The all-American restaurant on 18th street, America, was the setting for the opening night SAR2000 event. Sponsored by Zefer, Veronis Suhler and eCal, the party drew many top and mid-range industry players. Removed of all tables and chairs, hors d'oeuvres were passed by harried waiters--eg. I overheard one woman wail as she leaned against a column with a tray of pizza squares, "I don't care what you do! Just don't touch me in a bad place!" The pizzas were devoured and she skulked away quickly. Catherine Winchester, Matthew Glitzer and Mark Lucente of Soliloquy and I chatted for a while with Diana Butler of iXL and Melissa Grossman of Zefer. Matt told me of his earlier careers in a rock band, and we instantly bonded when we discovered that we shared the experience of improv comedy. Andrew Zolli of Siegel & Gale hinted at some upcoming news, and as we chatted with Brian Colby of Infonautics, I caught sight of Betsy Silverfine at Brown Raysman Millstein Felder & Steiner LLP, Matt Toner of WeMedia and Edmund Bogen of Bogen PR. Barry Sikes, Alan Gonchar and even CEO of iXL Bert Ellis were all mingling with friends and new business associates. I saw Jennifer Biscoe of eComplaints, Neal Simon of USLaw.com, Chris Dolan of One Main and Laura Kraber of Xceed.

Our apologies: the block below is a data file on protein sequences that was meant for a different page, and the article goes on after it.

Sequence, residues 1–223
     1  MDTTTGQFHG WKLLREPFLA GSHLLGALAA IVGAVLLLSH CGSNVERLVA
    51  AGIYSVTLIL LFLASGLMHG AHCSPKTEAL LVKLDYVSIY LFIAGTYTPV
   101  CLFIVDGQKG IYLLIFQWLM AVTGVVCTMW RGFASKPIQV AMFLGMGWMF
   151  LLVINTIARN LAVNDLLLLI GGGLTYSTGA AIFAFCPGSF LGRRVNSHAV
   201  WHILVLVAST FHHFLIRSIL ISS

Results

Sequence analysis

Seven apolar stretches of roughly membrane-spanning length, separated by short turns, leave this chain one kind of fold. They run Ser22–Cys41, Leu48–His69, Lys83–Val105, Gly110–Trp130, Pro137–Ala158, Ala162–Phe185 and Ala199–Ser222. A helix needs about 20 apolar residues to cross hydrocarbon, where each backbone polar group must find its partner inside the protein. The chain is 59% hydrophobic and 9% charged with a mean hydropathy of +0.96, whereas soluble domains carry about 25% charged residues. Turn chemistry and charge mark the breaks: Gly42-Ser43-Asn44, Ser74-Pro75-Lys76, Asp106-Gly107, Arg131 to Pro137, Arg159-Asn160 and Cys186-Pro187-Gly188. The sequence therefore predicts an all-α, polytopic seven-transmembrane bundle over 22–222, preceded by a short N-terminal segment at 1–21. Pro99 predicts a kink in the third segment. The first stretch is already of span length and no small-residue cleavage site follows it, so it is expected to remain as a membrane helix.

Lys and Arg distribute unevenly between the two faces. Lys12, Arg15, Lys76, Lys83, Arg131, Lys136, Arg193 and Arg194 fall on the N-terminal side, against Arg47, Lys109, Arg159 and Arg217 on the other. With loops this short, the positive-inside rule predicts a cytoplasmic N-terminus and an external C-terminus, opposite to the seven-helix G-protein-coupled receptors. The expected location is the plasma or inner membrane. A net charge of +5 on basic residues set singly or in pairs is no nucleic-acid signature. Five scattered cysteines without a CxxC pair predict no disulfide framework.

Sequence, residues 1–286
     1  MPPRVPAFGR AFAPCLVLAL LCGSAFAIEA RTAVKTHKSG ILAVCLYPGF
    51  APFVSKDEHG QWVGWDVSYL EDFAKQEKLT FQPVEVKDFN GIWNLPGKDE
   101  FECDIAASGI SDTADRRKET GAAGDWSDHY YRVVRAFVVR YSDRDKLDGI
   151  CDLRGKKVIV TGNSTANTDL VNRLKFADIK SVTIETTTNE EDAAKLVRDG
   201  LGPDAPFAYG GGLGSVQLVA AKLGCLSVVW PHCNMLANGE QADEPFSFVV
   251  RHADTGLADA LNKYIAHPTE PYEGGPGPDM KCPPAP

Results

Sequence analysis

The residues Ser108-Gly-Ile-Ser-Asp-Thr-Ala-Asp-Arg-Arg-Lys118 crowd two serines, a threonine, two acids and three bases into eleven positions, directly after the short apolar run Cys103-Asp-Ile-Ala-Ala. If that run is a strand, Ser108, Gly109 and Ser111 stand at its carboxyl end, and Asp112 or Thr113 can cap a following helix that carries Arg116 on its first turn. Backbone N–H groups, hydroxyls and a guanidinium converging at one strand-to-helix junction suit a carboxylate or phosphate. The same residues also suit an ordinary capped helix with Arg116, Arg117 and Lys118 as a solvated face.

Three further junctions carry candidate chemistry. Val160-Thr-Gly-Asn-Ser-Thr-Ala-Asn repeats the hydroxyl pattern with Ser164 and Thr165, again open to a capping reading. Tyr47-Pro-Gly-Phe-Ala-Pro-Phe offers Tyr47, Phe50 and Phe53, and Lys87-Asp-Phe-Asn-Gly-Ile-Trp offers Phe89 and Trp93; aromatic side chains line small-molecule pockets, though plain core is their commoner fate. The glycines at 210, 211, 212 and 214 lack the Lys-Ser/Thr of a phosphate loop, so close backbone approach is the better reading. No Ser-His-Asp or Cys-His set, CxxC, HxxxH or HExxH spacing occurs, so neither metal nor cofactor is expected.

IBM-ers Mark Hanny and JP Frenza were on the scene here too, and I had an exceptionally in-depth, lovely, positive conversation with Mr. Hanny about the excitement of living in these times, witnessing the technology developments and musing over the advancements in Europe VS. the US, and the differences between the Alley and the Valley. He's heading out for the AlleyCat Venture meeting in SF next week. Bill Ryan, Chairman of Niehaus Ryan Wong, came into town and brought Peter Max along. The Shooting Gallery's Online Visual Festival director Kiley Bates and Zefer's VP of innovation development Frank Dudley came over to say "hi," and before I left I caught up briefly with Renee Edelman and Cherry Arnold.